Autoimmune Hepatitis

Autoimmune hepatitis is a rheumatic liver disease that can be seen in all ages, both sexes and all ethnic groups. If left untreated, it can lead to advanced liver damage called cirrhosis and death.

While patients with autoimmune hepatitis may not have any complaints, they may have complaints such as weakness, general illness, right upper abdominal pain, exhaustion, fatigue, weight loss, nausea, itching, jaundice, and joint pain for many years.

Autoimmune hepatitis patients may not present with any clinical findings, or they may present with a finding such as severe liver failure. In some patients, advanced liver damage called cirrhosis may have occurred at the time of admission. It should be kept in mind that in some acute-onset autoimmune hepatitis patients, immunoglobulin levels may be normal and antibodies such as ANA and SMA may be negative. It should be known that delayed diagnosis and treatment in such patients may cause advanced liver damage.

Liver biopsy should be performed in the diagnosis of the disease. In addition, antibodies such as ANA, SMA, SLA/LP, LKM-1, LC-1, LKM-3, p-ANCA, Ro52 are used in blood tests to diagnose and determine the subtypes of the disease in autoimmune hepatitis patients. These antibodies are negative at the beginning and may be positive in the course of the disease.

If cirrhosis develops in autoimmune hepatitis disease, the risk of liver cancer is increased. Therefore, these patients should be under close control for early diagnosis and treatment of liver cancer. In these patients, an ultrasound control every 6 months is appropriate.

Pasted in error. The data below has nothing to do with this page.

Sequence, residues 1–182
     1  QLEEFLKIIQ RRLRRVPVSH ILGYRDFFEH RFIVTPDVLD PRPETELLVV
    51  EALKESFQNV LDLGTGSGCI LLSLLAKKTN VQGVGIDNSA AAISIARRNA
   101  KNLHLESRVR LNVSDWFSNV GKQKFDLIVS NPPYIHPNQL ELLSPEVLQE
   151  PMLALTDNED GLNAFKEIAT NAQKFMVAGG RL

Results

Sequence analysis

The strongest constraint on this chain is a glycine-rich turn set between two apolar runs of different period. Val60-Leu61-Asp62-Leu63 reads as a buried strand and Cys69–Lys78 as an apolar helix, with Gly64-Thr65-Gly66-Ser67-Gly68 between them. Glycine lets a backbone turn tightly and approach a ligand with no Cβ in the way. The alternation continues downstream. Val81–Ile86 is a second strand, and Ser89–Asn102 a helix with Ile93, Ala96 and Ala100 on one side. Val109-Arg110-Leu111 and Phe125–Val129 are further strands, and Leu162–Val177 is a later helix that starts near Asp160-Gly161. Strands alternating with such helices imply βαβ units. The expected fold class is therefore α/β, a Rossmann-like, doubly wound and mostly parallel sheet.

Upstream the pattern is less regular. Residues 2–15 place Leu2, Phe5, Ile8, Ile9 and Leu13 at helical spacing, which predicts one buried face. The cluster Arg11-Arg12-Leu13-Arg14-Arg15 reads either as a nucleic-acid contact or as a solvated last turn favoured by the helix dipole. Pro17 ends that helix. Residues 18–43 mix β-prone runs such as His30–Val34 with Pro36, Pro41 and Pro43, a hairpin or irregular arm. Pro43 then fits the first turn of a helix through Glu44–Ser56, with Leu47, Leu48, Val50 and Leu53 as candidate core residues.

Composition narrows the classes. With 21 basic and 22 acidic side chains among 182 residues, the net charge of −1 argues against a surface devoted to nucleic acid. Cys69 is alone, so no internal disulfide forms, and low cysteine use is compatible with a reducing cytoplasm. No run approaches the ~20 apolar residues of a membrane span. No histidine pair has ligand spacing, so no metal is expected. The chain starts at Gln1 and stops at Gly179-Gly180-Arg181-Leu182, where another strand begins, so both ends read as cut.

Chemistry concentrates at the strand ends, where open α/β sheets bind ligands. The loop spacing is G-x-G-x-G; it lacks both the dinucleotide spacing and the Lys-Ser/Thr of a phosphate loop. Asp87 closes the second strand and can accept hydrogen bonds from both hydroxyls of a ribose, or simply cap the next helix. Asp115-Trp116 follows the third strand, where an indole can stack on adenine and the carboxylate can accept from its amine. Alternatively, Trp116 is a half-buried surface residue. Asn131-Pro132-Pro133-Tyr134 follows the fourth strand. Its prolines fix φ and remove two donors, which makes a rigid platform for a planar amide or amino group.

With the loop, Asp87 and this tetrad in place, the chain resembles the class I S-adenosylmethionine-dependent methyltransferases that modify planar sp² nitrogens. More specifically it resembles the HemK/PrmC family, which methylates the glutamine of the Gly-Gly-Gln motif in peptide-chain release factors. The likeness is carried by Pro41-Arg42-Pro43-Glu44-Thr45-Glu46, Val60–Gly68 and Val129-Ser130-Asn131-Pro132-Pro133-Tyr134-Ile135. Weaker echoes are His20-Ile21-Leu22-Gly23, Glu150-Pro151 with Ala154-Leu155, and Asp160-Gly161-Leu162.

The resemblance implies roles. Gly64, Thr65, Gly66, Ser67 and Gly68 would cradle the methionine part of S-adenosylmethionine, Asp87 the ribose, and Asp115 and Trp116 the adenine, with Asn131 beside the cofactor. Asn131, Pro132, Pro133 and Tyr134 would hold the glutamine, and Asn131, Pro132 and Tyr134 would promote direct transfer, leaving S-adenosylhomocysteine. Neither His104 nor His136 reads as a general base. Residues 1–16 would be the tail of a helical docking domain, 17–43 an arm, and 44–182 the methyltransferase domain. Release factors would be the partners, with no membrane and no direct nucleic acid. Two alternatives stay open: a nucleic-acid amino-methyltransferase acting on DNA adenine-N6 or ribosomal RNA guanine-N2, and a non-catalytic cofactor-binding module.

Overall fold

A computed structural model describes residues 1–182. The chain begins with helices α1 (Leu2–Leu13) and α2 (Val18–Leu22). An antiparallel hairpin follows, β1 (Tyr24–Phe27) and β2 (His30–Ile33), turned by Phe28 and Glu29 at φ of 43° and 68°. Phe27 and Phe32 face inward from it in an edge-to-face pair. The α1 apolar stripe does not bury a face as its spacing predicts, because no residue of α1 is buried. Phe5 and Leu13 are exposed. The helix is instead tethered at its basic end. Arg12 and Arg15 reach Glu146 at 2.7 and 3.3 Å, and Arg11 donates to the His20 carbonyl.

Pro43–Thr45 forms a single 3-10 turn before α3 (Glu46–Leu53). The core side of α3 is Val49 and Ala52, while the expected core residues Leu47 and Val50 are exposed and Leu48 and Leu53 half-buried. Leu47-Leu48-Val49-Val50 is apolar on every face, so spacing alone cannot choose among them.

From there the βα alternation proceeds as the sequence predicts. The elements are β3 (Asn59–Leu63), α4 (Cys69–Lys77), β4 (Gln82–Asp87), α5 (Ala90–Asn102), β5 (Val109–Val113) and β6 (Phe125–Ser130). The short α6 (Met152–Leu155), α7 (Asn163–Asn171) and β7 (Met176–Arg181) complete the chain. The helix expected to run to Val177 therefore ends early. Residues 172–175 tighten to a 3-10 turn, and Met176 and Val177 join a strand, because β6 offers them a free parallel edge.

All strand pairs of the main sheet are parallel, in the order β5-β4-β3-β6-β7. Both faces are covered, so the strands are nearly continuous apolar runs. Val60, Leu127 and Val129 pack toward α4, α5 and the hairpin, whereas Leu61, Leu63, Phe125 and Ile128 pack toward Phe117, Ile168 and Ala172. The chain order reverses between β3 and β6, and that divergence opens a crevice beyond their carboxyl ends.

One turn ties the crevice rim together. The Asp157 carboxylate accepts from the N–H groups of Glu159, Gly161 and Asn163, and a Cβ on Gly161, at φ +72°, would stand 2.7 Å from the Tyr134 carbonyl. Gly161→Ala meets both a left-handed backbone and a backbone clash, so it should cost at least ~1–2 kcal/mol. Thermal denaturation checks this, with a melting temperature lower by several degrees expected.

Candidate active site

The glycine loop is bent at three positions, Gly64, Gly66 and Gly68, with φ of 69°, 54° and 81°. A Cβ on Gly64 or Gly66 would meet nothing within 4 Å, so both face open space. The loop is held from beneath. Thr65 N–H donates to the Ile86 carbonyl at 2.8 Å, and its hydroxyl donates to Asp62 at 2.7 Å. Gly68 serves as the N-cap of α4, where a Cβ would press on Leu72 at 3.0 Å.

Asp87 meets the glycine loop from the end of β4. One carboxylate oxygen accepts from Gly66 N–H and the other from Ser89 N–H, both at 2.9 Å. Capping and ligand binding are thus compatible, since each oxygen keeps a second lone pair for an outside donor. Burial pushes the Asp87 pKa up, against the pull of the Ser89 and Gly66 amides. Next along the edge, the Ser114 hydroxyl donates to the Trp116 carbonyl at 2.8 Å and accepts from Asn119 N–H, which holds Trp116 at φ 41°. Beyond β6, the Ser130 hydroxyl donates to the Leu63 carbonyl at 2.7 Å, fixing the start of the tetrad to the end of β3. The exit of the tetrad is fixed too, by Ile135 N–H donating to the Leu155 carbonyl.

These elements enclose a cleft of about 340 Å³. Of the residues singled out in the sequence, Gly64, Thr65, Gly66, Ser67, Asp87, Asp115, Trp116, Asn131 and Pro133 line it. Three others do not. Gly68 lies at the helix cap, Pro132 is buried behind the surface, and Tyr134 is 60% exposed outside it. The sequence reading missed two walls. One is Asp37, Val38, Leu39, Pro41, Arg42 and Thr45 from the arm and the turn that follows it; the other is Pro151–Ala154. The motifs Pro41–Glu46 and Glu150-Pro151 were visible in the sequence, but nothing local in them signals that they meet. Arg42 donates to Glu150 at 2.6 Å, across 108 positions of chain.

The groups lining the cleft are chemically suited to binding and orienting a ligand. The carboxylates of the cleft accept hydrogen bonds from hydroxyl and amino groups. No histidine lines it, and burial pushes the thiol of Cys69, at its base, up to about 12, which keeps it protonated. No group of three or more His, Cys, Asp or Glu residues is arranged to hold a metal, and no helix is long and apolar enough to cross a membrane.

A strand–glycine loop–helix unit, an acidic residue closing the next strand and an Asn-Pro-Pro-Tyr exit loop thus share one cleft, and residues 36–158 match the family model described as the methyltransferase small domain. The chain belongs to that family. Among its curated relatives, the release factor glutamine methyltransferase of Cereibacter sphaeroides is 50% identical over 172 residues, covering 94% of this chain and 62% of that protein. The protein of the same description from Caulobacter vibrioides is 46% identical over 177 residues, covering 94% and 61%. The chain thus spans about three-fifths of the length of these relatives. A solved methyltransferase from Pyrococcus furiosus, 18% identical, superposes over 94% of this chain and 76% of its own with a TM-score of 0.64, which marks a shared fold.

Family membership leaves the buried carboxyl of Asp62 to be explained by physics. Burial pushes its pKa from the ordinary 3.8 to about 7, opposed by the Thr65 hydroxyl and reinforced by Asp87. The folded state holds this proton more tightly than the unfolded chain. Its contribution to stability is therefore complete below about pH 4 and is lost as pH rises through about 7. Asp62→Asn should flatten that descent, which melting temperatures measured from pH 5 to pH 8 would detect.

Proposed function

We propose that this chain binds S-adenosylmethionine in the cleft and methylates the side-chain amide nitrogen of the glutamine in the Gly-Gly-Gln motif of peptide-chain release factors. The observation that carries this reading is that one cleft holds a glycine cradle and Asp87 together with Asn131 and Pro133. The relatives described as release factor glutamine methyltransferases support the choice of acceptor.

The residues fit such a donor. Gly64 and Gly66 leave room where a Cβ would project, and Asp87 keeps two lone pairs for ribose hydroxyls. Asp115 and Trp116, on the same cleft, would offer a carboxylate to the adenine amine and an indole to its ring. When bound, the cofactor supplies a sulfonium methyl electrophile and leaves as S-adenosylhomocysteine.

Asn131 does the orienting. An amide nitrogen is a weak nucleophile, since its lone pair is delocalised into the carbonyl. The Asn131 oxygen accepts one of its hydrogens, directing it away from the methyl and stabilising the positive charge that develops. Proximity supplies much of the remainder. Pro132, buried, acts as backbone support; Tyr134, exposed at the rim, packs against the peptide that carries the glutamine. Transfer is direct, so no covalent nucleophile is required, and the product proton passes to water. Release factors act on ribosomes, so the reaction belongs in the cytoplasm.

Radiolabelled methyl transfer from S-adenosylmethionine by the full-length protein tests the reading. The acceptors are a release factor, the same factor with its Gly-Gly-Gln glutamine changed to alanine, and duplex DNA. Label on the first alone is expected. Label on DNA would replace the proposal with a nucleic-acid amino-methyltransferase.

Autoimmune hepatitis patients may be associated with other liver diseases. In patients with cholestatic factors, AMA and cholangiography should be planned.​

Autoimmune hepatitis is known to occur after some viral infections. Autoimmune hepatitis should be kept in mind in cases of prolonged hepatitis after viral infections such as hepatitis A, EBV, HH-6 and measles.​

Autoimmune hepatitis may develop after the use of some drugs and herbal supplements.

Other autoimmune rheumatic diseases are frequently encountered in patients or their first-degree relatives. autoimmune hepatitis; Hashimoto’s disease, graves’ disease, vitiligo, rheumatoid arthritis, type-1 diabetes, inflammatory bowel diseases, psoriasis, SLE, celiac disease, mononeuritis, polymyositis, hemolytic anemia and uveitis can be found together.

Autoimmune hepatitis patients receiving long-term immunosuppressant treatment should be followed up in terms of skin cancers and ultraviolet protection should be planned.​

In autoimmune hepatitis patients, serum IgG levels are parallel to disease activity. Serum AST, ALT and IgG levels should be within normal limits to mean that patients have complete biochemical well-being. Although the mentioned values ​​are normal, it should be noted that disease activity in the liver may still continue.

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